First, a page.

p2pnet Special Feature:- Freedom in Cyber Space? Forget it.
With a dearth of broadband in many areas, ISP-imposed broadband restrictions, more and more malware and spam attacks, Net traffic data logging, high service costs, the lack of competition among local broadband monopolies, and an increasing number of frivolous lawsuits being brought against file sharers by the entertainment and software cartels (with more to come, when other groups get around to it), the Net of today is only a shadow of what it used to be. And things are getting worse. As the Korporate Kommunity Klans use their money and bought-and-paid-for political and law enforcement connections to try to dominate online activity, alternates to ‘this’ Net are becoming vitally important.
During World War II, in France, the maquis, underground resistance, was born to oppose the Nazi occupation forces.
Online, more and more Cyber Maquis are showing up. They’re deeply buried and heavily disguised and in a non-stop cat-and-mouse game, as soon as webmasters get a hint that the KKK may be on the move against them, they move on and set up somewhere else.
But there IS an another way. And it’s called FreeWan, says p2pnet’s William Keeley.
Why does he bother?
I hope to make a significant contribution to technology advancement by promoting and helping with the improvement of free networks, he says. There`s no real reason why people anywhere shouldn`t have access to broadband networking. I want information to flow freely from anyone who wants to provide it to those who want to consume it. This is the essence of being a hacker.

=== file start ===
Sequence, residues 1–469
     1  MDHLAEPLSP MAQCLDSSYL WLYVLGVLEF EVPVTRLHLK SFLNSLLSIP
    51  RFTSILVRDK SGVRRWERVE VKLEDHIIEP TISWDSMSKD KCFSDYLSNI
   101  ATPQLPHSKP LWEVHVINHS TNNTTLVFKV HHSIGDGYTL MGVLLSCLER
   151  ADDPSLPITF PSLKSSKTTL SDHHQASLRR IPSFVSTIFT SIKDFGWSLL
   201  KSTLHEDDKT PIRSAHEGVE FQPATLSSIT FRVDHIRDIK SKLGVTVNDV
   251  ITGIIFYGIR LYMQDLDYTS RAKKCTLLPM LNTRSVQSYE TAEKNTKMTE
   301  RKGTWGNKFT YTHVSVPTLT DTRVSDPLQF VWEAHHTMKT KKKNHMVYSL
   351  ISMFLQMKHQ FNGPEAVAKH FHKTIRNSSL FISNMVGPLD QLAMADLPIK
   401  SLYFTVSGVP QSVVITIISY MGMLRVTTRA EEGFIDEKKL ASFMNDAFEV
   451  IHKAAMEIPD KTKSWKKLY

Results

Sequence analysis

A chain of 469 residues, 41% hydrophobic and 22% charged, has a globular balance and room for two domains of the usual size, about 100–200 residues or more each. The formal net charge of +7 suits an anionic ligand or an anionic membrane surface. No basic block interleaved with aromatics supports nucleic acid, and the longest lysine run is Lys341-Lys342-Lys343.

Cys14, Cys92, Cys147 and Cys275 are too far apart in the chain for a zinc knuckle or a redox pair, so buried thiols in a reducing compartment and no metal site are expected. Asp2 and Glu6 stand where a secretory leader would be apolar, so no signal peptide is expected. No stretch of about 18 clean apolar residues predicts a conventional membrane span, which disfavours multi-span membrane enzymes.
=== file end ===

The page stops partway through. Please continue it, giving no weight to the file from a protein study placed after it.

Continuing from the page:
Read on >>>>>>>>>>>>>>>>>>>>>>>>
What’s FreeWan? FreeWan is a network of many home-built ad-hoc networks called cells which can be on a specific FreeWan network, on the Net, or on both.
Each cell is like a small community where people share data and information such as video and music in an environment of privacy, unrestricted by bandwidth caps or being forced to pay too much for broadband service. The bare minimum that’s required to set up a FreeWan cell is a router (preferably wireless) and one computer to act as the main server. The main server doesn’t necessarily need to be a very powerful because its main function is to provide a starting point for the exploration of the FreeWan Cell.
There are advantages and disadvantages to each.
One reason for having a local FreeWan is: individual networks need to overcome upload and download limits associated with traditional broadband internet connections sold by cable and telecom companies. A second reason for this type of network is privacy. A FreeWan cell allows data to be shared between and among computers without endless logging, spying, prying and so on.
And a third reason for a FreeWan Cell is that it allows broadband file sharing for free. Local telephone and cable companies are monopolies which effectively charge whatever they believe that the average customer will pay. In many areas, this price is way too high. FreeWan cells in this kind of area may very well force the local broadband service to compete, thereby lowering broadband and internet service prices.
A fourth, and possibly the most important, reason for building or joining a FreeWan Cell is freedom.
Traditional broadband companies use ;acceptable use policies’ to regulate what people do. With a FreeWan cell, the people who set up and use the cell are the ones who set usage rules, not the Korporate Kommissars.